I've implemented a splay tree, and I'd like it to store duplicate items, which are key-value mappings, as follows: if a key to be inserted already exists, then the new binding shadows the old one. If a key is to be removed, then the old binding is revealed. In other words, the inserting and removing the same key reveals the value in LIFO, or stack, order.
The most obvious solution is to have each node be a pointer to a singly linked list, with the cons/uncons operation trivially obeying stack order. But we could embed the singly linked list in a simple binary search tree if we relaxed the criteria a bit, for example making the left child <= parent as opposed to left child < parent. This effectively makes duplicate nodes a chain of singly linked list down the left path. The idea is that we always reach the parent first, which is the most recently inserted item. And if the parent is removed, it reveals the second next item of the same key.
The complication with Splay tree is that it could rotate the tree, which breaks the chain of duplicate nodes. Sometimes it is as bad as splitting the chain to left and right children to a node != the key of the chain, invalidating the binary search tree invariant. I figured out that, in the zig-zig and zig-zag cases, if the grand-parent node has the same key as the parent node, then it is possible to come up with special case rotation that preserve the chain. However, the terminal case actually needs to descend down the whole chain of duplicate notes. At this moment I gave up.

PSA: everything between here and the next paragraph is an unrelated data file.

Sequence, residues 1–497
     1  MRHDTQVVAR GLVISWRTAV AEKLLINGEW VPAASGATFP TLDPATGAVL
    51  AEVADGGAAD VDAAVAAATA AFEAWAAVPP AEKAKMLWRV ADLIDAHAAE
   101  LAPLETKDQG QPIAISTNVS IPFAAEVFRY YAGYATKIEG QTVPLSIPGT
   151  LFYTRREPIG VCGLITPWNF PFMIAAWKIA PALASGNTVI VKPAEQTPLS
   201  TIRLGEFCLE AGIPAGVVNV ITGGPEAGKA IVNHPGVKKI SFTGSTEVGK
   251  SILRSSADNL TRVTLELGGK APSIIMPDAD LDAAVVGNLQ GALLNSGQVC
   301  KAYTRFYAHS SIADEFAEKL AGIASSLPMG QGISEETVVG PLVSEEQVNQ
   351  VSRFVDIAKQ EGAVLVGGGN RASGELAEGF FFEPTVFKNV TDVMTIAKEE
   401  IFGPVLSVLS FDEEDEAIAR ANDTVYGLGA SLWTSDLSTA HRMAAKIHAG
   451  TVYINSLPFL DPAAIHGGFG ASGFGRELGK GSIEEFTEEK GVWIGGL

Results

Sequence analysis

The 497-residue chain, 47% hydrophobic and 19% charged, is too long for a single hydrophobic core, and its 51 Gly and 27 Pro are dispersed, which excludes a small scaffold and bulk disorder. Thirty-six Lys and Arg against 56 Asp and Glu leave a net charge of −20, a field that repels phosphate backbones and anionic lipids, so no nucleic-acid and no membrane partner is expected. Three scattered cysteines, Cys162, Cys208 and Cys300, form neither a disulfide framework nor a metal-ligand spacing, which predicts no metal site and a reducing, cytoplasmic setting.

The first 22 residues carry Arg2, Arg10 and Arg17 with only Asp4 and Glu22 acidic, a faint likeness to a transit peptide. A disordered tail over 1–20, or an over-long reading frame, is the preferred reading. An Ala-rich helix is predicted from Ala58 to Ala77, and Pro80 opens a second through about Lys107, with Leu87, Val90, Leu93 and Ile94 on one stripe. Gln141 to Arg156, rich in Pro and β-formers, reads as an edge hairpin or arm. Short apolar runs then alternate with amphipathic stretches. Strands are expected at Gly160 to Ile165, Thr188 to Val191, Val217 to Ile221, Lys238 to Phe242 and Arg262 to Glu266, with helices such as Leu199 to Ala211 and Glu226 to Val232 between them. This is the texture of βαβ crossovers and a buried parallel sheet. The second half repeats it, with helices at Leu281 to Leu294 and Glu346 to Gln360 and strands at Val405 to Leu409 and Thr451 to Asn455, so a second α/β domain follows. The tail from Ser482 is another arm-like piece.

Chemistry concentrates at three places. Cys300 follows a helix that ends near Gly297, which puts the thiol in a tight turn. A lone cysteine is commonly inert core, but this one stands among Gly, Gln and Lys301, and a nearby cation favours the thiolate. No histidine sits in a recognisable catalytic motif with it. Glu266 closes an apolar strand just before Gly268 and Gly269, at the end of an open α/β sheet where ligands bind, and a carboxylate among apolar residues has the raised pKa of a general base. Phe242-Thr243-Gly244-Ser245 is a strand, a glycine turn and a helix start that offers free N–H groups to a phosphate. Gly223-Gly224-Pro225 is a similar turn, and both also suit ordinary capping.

Also, another problem with embedding singly linked list in a tree is that it will increase the depth of the tree, hurting the overall running time. In this case, it seems that the simple approach, making each node a pointer to a singly linked list, is better. It only took me 5 minutes to change the implementation this way and it worked.
Update (9/15): Wikipedia claims that identical keys in a splay tree are preserved in its order like stable sort. It suffices to find the leftmost or rightmost node of the identical key. I haven't tried this.
Update (9/16): Here is the Wikipedia edit that added the aforementioned claim about stable sort. However, I don't think retrieving duplicate item is as simple as finding the leftmost or rightmost node. Even if insertion is stable, the duplicate nodes may not be continuous (e.g. the balanced binary search tree for 1, 2, 3, 3, 3, 4, 5, where the 3's are separated by nodes 2 and 4). Looking for the "largest" duplicate complicates the search by a great deal because you will have to probe either the minimal of the right child, or the maximal of the left child, and may have to back-track. Curiously, Splaysort did not mention how they deal with duplicates.